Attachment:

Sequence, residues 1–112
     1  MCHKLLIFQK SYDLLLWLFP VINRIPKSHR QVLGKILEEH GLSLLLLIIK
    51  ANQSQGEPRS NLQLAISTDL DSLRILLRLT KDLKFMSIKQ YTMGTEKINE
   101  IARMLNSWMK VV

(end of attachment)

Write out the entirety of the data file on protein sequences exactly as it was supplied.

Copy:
Sequence, residues 1–112
     1  MCHKLLIFQK SYDLLLWLFP VINRIPKSHR QVLGKILEEH GLSLLLLIIK
    51  ANQSQGEPRS NLQLAISTDL DSLRILLRLT KDLKFMSIKQ YTMGTEKINE
   101  IARMLNSWMK VV